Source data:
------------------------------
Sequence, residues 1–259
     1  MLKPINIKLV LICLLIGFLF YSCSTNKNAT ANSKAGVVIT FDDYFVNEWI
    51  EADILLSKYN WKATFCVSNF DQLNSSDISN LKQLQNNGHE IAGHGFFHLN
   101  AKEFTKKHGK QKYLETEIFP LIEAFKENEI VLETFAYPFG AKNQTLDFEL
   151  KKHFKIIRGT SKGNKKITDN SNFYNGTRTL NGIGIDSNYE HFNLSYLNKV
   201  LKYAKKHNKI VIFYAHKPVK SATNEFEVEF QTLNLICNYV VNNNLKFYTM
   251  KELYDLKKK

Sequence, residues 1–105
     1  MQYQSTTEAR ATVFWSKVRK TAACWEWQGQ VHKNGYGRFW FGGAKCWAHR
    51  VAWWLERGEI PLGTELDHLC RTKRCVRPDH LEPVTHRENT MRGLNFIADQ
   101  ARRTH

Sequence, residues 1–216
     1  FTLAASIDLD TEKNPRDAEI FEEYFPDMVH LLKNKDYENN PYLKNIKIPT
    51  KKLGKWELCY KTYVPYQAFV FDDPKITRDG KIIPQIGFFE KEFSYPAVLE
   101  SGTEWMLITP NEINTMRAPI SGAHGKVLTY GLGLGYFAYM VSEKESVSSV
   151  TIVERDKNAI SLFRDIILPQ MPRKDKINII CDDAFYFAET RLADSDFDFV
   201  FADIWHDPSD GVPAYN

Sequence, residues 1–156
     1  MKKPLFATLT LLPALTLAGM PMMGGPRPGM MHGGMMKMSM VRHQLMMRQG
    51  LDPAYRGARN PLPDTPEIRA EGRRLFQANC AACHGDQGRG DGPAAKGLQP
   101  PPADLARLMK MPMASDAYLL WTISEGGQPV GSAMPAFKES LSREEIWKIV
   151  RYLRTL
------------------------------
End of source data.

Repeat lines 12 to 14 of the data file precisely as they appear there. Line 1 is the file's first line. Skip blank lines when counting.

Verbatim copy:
Sequence, residues 1–216
     1  FTLAASIDLD TEKNPRDAEI FEEYFPDMVH LLKNKDYENN PYLKNIKIPT
    51  KKLGKWELCY KTYVPYQAFV FDDPKITRDG KIIPQIGFFE KEFSYPAVLE